Commonly used immunohistochemical indexes of lung cancer
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Commonly used immunohistochemical indexes of lung cancer
Commonly used immunohistochemical indexes of lung cancer. TTF-1, P63, Ki-67…Interpretation of commonly used immunohistochemical indicators of lung cancer.
Lung cancer is the malignant tumor with the highest morbidity and mortality in the world, and its diagnosis is inseparable from the “gold standard” of pathology.
This article summarizes the relevant immunohistochemical indexes of lung cancer.
TTF-1 (thyroid transcription factor-1) is expressed in the nucleus of thyroid follicular epithelium and alveolar epithelial cells. It is positively correlated with the degree of tumor differentiation. The worse the differentiation, the more likely the expression is lost.
TTF-1 is expressed in more than 70% of non-mucinous adenocarcinoma subtypes, small cell lung cancer, a small portion of undifferentiated large cell lung cancer and atypical carcinoids, a few typical carcinoids express TTF-1, while lung squamous cell carcinoma, interpleural carcinoma Dermatoma does not express;
In metastatic adenocarcinoma of the lung, TTF-1 is almost all negative, which is different from thyroid tumor: TG negative;
In addition, TTF-1 was found to be expressed in a small number of ovaries (3%-39%), endometrium (2%-23%) and cervical adenocarcinoma (4%).
NapsinA (new aspartic protease A) is expressed in normal alveolar type II epithelial cells and proximal and distal renal tubules, more than 80% is expressed in lung adenocarcinoma, and its sensitivity and specificity are better than TTF-1 ；
About 3% of lung squamous cell carcinomas are positive and lung neuroendocrine tumors are negative;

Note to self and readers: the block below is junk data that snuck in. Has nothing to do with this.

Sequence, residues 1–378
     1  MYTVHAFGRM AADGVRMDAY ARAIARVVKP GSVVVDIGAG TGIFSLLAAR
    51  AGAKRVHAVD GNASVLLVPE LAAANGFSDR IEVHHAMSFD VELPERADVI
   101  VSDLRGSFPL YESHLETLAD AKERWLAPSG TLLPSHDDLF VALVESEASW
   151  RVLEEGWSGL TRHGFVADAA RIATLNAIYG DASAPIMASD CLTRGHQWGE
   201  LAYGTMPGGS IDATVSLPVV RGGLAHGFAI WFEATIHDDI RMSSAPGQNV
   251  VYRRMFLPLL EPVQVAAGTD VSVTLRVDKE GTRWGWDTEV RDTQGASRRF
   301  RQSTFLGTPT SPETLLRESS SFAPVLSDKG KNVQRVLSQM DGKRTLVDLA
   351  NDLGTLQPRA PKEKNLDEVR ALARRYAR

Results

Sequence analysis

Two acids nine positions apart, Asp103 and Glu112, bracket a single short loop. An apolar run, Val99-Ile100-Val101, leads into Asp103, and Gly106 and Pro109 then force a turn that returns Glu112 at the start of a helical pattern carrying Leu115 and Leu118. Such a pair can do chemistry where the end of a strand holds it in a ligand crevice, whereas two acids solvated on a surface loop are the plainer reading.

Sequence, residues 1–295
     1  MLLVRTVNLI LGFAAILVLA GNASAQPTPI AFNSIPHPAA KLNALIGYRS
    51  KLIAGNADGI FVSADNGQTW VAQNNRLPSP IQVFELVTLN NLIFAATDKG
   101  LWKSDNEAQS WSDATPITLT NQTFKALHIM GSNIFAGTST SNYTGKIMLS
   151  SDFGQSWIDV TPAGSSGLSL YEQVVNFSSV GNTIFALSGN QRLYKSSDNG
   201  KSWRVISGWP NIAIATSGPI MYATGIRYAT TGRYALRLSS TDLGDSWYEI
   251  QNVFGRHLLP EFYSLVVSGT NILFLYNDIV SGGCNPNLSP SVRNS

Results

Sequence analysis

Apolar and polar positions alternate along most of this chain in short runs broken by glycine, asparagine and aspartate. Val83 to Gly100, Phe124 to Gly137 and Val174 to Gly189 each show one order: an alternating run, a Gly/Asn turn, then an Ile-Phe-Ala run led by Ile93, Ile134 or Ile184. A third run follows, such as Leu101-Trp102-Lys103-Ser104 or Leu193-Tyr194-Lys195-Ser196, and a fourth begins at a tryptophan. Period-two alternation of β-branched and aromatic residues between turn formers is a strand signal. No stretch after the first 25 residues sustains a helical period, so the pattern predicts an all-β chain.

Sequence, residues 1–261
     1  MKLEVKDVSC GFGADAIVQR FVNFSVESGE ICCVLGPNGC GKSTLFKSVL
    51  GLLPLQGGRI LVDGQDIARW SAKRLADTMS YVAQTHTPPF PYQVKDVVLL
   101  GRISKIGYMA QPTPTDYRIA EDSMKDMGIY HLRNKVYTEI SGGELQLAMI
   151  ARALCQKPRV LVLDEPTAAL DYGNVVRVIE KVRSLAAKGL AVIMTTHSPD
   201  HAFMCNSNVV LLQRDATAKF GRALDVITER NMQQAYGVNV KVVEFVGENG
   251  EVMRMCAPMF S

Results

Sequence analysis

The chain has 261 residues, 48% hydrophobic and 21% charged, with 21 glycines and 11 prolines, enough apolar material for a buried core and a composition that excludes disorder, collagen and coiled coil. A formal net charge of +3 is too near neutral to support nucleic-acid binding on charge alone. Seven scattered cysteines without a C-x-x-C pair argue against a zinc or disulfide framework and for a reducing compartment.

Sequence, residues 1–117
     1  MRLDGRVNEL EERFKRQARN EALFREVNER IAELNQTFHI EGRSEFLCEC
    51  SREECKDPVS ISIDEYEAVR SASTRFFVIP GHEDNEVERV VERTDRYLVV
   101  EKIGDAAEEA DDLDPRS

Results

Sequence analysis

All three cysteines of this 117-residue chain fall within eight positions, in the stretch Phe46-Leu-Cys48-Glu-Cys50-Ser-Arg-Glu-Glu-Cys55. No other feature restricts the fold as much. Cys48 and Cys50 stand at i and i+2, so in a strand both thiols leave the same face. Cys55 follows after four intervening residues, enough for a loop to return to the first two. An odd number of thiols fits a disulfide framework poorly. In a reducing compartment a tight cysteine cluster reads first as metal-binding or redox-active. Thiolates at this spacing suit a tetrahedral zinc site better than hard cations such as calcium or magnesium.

Some renal cell carcinomas, uterine and ovarian adenocarcinomas express NapsinA.
Almost 100% of lung adenocarcinomas express CK7, but CK7 has low specificity, and 30%-60% of lung squamous cell carcinomas are positive;
CK7 is also expressed in adenocarcinomas of breast, stomach, ovary, uterus, etc., it needs to be combined with TTF-1 and NapsinA.
02 Squamous cell carcinoma
More than 90% of lung squamous cell carcinomas are strongly nuclear positive, but 10%-33% of lung adenocarcinomas have focal low-level expression of P63.
P63 is also expressed in 15% of neuroendocrine carcinomas and 22% of small cell lung cancers.
P40 is one of the subtypes of P63 protein, and it is positively located in the nucleus. It is considered to be the most specific and sensitive squamous cell carcinoma marker.
Compared with P63, the sensitivity of P40 in lung squamous cell carcinoma is equivalent to that of P63, but it is almost not expressed in lung adenocarcinoma and lymphoma, so it is highly specific.
CK5/6 is mainly expressed in squamous epithelial cells, ductal epithelial basal cells, myoepithelial cells and mesothelial cells under normal conditions.
More than 3/4 of lung squamous cell carcinomas are positive, epithelioid mesothelial tumors are highly expressed, and 2%-33% of lung adenocarcinomas are focally positive.
DSG3 (desmosome glycoprotein) is expressed in 85%-90% of lung squamous cell carcinomas, and almost not expressed in lung adenocarcinomas (<2%).
03 Neuroendocrine tumors
CgA, Syn and CD56 are the most commonly used combinations of neuroendocrine markers. Among them, CgA has the strongest specificity, and CD56 is the most sensitive but lacks specificity.
Syn (synaptophysin) mainly exists in neuronal presynaptic vesicle membrane, adrenal medulla, carotid body, and neurological and epithelial neuroendocrine cells of skin and internal organs.
This antibody is mainly used to label neuroendocrine cells and their tumors.